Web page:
Powerful technology tools are increasing in the hands of local peacebuilders, and this is resulting in a proliferation of innovative initiatives. But does this collection of technology for peace initiatives really constitute an alternative infrastructure for peace, comparable to larger, better resourced and more traditional peacebuilding institutions? Daniel Kreiss describes socio-technical infrastructures as “the technical artefacts, organizational forms, and social practices that provide background contexts for action.” As a technical infrastructure, technology for peace is a series of tools that allow local peacebuilders to communicate with more people in more ways, collect better information and sustain relationships on digital platforms. As an organizational infrastructure, it is a means by which communities build new participatory processes, foster deeper collaborations and assume collective responsibility for building peace. As a social infrastructure, it circulates ideas and creates consensus about the importance of civic, grassroots engagement in peacebuilding.

What’s really interesting about tech-enabled peacebuilding initiatives is that they shift the balance of power. Thanks to these tools and the social and organizational forms they help create, local peacebuilders are now better equipped to challenge state-sanctioned or socially normative narratives and notions of identity. Technology can shape the future of local peacebuilding. The Build Peace team has set up a small organization – Build Up – that will focus on supporting the emergence of these alternative infrastructures.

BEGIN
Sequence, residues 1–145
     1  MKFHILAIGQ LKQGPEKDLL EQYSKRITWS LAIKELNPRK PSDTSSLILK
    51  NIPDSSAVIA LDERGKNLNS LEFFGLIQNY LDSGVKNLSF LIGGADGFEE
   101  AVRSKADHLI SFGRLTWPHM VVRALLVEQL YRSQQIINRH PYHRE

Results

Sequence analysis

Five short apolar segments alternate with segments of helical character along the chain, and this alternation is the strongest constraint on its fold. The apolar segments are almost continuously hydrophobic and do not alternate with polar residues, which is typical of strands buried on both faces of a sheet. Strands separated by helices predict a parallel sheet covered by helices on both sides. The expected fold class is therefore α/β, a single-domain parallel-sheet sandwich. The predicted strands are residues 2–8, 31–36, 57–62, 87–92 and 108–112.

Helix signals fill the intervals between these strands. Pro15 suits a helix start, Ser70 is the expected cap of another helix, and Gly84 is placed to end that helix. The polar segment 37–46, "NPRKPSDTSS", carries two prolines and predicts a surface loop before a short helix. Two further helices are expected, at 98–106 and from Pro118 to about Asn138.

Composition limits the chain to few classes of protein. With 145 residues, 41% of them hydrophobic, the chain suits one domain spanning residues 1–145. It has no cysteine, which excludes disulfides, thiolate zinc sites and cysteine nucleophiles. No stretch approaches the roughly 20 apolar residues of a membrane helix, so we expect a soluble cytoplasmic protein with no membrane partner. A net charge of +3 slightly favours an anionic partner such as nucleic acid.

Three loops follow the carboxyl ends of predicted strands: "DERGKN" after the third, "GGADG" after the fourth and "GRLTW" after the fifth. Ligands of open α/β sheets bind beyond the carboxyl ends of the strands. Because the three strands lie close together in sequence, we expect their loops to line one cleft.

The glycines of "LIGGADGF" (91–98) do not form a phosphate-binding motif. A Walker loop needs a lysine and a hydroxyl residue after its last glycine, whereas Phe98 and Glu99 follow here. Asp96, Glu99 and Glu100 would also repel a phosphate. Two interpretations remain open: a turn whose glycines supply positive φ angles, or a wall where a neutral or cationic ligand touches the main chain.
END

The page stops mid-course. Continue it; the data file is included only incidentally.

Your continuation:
As we look into the future, there is one question that I’m still wondering about. How will these alternative infrastructures work with more traditional infrastructures for peace? Or as my colleague Rodrigo likes to ask: can an alternative method of getting something done not only get it done, but also exert influence on an existing (sometimes broken) method?

Looking back on Build Peace 2014

[This blogpost is cross-posted from the MIT Center for Civic Media blog.]

Participants at Build Peace 2014

Participants at Build Peace 2014

Last week in Nairobi, a group of Somalis sat in a room trying to figure out how to make the most convincing infographic. They have been working for the past 15 years to build the trust and dialogue necessary to make democracy in the Somali region a viable alternative to violence. Recently, they’ve been using a combination of new tech-enabled tools to run participatory polls and visualize perceptions data in new ways. My colleague Michaela and I were there, helping them to navigate these new tools – and we were reminded yet again of why, together with Rodrigo and Jen, we decided to put on the Build Peace conference.